Thursday, May 31, 2012

A Bleak Future For Senior Citizens

I read a very disturbing news story few days ago. An elderly couple trying to cross a busy thoroughfare in Pune, had managed to cross it up to the road divider point and were waiting for the traffic on the other side to slow down, when a speeding car  brushed past  the gentleman. He fell down on the road and was very fortunate to survive. Some kind-hearted people helped him and the couple somehow managed to reach home.
My first reaction to this story was naturally this. Why did this couple tried to cross the road at some random point instead of a pedestrian crossing point? How can we blame the vehicle driver for this? But when I read full details of the episode, I realized that such a disaster can strike almost any senior citizen. Apparently, the gentleman had an appointment with an eye specialist as he was suffering from loss of vision. Since there was no one else to help him take to this specialist, his wife, a senior citizen herself, agreed to accompany him. After his eyes were examined, the couple came out on the road and tried to hire an auto-cab to go home.  Number of cab drivers who were passing by, refused point blank to take this elderly couple home. The nearest signal light, which had some resemblance to a pedestrian crossing, was quite far away and the elderly couple was in no physical condition to walk up to that point.  They realized that they were also not in a position to keep standing there on the road any longer and wait for a cab. In a desperate move, they decided to cross the busy thoroughfare to try and get an auto cab. One may argue that the couple invited the disaster themselves and no one can be blamed for their plight.
Can a cab driver refuse a passenger if the fare meter flag on his cab is up? Why no pedestrian crossings at convenient points are provided by the Municipal Corporation? Why no policemen could be contacted on such a busy arterial road for help? What should a senior citizen do if he or she needs some help in a public place? Questions and questions!  But no one has any answers.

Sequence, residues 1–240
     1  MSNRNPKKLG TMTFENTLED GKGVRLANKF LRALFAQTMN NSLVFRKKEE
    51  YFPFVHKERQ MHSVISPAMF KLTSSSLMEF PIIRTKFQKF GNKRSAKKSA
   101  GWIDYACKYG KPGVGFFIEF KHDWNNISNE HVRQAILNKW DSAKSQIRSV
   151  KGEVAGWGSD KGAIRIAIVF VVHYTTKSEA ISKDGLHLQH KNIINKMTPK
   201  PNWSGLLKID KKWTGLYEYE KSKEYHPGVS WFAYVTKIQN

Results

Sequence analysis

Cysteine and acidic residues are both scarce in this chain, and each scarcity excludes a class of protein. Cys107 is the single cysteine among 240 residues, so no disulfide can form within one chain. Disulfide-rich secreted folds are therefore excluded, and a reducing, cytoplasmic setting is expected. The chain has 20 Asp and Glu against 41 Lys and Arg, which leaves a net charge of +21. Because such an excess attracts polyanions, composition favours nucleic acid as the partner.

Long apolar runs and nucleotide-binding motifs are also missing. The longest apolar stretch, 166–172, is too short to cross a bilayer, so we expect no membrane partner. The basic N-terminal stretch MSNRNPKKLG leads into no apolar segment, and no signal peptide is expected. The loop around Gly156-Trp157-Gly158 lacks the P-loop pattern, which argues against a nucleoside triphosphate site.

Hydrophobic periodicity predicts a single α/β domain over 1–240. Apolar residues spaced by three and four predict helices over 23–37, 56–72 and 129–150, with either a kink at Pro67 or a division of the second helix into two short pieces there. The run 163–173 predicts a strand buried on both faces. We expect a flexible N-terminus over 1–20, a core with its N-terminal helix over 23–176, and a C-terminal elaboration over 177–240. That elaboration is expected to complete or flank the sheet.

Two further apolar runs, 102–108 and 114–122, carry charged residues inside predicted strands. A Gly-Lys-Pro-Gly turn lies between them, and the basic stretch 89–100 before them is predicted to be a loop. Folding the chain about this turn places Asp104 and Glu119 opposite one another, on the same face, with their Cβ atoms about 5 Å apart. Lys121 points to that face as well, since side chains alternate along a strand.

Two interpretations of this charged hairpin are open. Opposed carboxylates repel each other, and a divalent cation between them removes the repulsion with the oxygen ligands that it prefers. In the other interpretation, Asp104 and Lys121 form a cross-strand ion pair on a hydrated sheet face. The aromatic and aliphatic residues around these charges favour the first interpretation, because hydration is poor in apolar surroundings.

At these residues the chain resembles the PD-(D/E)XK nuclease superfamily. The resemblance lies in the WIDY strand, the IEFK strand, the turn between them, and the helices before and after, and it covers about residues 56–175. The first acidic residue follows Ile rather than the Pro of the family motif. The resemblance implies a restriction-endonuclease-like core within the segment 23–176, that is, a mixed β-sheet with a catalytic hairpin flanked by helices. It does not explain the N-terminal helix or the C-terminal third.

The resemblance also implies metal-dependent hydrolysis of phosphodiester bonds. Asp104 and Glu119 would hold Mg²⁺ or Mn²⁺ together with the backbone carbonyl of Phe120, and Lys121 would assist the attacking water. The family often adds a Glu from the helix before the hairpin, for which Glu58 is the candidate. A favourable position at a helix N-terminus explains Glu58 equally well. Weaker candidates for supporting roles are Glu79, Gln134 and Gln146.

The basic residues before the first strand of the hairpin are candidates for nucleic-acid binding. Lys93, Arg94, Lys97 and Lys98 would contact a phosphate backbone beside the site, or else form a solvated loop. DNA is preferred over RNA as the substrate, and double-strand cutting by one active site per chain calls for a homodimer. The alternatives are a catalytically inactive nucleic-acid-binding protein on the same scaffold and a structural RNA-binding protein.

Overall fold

As we move from an era of joint families to nuclear families, it strikes me that the senior citizens alone will have to bear the brunt of this social change. Just a generation back, no senior citizen would have had required to go on his own to consult a physician. He or she would not have had to do grocery or stand in queue to pay his electricity or phone bills. Some younger members of his family would be always available to assist him or do the job. Social changes that are now sweeping through our societies have made just this group very isolated, helpless and vulnerable.

India Elderly couple

It may be argued, that senior citizens from western or other developed nations, have been facing this kind of situation for some considerable period. It is just, that the time has come now for seniors in India, to face the new realities. So why this much ado about nothing. In this argument, we are unfortunately ignoring the de facto situation in these countries, which can not even be compared with situation in India. In these societies, special facilities are created by the local authorities to serve the elders .There are mechanically operated escalators for crossing the roads. Bus or other transport doors are designed in such a way that a physically weak person also can enter or leave the bus. Bus drivers will wait at bus stops until elderly passengers enter the bus and are seated properly. For people who are economically better off, taxicabs can be called by making a call and above all, real help from Police or Medicos, is just a telephone call away. Special transport vehicles at nominal costs are available for seniors in most of developed societies.